Wednesday, 21 January 2009 02:00

Murray and Roberts JV contract cancelled

South African-based construction firm Murray & Roberts says that the Salam Resort joint venture project in Bahrain has been cancelled.

Wednesday, 21 January 2009 02:00

Murray and Roberts JV contract cancelled

South African-based construction firm Murray & Roberts says that the Salam Resort joint venture project in Bahrain has been cancelled.

Monday, 19 January 2009 02:00

Construction groups bank on state work

Construction companies are counting on the government’s multi billion-rand spending programme in infrastructure projects to see them through the lean economic times caused by the global credit crunch, which has seen work from the private sector dwindle.

Construction IndustryThe global economic meltdown has created a lot of uncertainty for construction companies, most of which saw private sector work decline towards the end of last year.

A number of private sector clients of construction companies have suffered cash flow problems due to the financial crisis, which has affected certain projects.

From the second quarter of last year, the construction sector has been severely downgraded by the stock market on fears of a recession and depleted future work opportunities.

With commodity prices plummeting in recent months, the mining sector, which provides a big chunk of work to several construction companies, has scaled back on capital expenditure.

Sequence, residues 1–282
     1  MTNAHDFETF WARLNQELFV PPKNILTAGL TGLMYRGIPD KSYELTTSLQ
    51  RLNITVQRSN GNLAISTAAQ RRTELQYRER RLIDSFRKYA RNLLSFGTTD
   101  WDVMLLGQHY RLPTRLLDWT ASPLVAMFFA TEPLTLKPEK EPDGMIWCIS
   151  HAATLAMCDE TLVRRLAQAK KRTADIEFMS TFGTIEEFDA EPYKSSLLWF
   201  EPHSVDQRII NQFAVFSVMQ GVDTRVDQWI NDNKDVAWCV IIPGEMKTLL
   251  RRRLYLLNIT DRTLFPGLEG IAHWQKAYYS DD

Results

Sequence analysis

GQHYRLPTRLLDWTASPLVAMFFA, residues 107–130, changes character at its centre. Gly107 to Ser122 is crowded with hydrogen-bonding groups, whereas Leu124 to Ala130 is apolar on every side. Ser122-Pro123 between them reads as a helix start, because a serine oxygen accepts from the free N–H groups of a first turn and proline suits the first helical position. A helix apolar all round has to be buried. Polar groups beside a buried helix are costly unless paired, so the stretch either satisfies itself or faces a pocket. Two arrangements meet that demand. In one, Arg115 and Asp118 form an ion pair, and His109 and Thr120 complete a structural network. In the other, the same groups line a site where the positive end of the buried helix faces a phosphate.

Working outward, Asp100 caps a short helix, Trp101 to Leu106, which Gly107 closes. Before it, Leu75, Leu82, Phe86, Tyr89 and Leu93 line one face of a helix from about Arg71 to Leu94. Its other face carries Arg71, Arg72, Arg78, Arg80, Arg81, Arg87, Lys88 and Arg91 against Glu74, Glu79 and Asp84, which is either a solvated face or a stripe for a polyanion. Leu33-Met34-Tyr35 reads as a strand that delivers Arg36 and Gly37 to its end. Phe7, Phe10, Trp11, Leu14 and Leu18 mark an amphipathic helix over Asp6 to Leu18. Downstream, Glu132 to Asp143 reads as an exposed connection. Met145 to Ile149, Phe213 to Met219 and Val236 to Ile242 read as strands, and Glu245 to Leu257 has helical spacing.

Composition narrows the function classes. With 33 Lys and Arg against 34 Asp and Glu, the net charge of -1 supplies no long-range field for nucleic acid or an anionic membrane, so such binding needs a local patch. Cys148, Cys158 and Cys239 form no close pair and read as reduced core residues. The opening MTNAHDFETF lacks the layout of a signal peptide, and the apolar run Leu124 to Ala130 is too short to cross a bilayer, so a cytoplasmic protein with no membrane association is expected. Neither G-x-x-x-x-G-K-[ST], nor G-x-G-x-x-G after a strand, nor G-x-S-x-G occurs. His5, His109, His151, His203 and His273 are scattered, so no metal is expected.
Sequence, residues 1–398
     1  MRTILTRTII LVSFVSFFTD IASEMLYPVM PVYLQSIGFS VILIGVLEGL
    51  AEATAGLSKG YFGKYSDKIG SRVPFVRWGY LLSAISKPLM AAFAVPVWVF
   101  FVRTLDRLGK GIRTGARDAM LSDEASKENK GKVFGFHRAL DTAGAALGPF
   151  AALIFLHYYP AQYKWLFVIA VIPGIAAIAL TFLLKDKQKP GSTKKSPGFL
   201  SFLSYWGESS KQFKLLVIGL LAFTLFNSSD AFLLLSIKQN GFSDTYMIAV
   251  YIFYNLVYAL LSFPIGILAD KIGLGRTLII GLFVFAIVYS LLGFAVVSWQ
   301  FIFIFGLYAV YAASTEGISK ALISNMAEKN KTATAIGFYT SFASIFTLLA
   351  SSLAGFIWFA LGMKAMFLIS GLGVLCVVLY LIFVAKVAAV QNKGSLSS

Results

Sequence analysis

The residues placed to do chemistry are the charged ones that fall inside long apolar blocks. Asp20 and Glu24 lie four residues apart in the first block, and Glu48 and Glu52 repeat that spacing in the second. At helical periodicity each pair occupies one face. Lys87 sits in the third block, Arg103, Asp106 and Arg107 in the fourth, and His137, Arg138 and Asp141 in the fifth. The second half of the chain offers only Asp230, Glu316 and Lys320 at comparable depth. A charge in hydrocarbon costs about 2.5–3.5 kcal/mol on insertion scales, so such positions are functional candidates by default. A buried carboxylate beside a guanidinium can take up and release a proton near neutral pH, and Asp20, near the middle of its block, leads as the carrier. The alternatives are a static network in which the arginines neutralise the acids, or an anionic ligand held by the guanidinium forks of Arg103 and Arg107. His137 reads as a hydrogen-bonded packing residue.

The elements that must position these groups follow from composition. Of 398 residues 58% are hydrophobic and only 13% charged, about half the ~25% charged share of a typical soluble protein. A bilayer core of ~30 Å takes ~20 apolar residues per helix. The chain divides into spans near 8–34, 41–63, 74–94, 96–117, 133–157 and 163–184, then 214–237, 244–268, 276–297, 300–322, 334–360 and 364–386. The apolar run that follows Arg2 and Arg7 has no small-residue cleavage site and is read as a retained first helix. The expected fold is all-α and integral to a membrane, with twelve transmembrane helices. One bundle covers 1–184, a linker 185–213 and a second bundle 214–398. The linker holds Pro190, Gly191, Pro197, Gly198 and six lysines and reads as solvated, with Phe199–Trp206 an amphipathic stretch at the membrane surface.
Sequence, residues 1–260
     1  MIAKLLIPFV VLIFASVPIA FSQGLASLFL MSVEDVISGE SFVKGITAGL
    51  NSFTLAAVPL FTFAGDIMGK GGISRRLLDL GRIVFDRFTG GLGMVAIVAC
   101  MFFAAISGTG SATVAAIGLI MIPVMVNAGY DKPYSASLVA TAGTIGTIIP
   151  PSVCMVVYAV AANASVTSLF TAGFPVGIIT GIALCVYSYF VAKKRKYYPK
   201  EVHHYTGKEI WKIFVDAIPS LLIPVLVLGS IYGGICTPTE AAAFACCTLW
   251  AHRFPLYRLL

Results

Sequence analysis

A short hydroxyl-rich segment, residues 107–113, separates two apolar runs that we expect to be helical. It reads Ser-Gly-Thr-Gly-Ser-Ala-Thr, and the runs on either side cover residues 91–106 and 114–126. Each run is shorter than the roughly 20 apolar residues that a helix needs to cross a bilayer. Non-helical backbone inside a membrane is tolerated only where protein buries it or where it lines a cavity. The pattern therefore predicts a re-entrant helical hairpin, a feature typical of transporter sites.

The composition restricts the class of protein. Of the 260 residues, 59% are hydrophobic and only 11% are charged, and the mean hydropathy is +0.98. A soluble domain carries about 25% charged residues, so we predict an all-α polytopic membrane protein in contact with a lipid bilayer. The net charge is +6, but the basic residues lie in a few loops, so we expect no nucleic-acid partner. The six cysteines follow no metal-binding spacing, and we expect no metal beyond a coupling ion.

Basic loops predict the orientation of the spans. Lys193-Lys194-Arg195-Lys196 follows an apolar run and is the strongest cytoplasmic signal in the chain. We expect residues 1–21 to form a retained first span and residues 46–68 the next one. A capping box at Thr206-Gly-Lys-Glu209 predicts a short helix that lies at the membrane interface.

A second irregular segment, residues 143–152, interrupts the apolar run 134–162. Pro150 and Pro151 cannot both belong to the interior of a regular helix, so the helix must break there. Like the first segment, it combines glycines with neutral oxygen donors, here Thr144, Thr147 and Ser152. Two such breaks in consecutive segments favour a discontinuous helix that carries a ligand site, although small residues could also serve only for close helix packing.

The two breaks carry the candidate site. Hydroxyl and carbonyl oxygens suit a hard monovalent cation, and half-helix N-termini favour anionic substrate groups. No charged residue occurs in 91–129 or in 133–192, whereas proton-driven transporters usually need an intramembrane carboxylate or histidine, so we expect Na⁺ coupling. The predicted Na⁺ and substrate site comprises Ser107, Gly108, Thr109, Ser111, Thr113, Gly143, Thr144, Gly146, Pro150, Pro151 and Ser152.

However, with the government reiterating that it will not put the brakes on its infrastructure spending programme, construction companies will be seeking more exposure to this public sector investment.

In his medium-term budget speech last year, Finance Minister Trevor Manuel said the government would continue to invest in several areas of infrastructure, including rail, roads, ports and energy in a bid to boost economic growth.

Group Five CEO Mike Upton said last week the group had a “reasonably good” order book to see it through the turmoil. “This (the order book) is quite well in tune with the public sector spending. The private sector has taken a turn for the worst, with capital spending, especially in mining, expected to drop significantly,” he said.

At the end of June last year, the group's one-year order book stood at R8,5bn, which it said at the time reflected its strategic positioning in the public infrastructure cycle with a mix of 65:35 in favour of public works.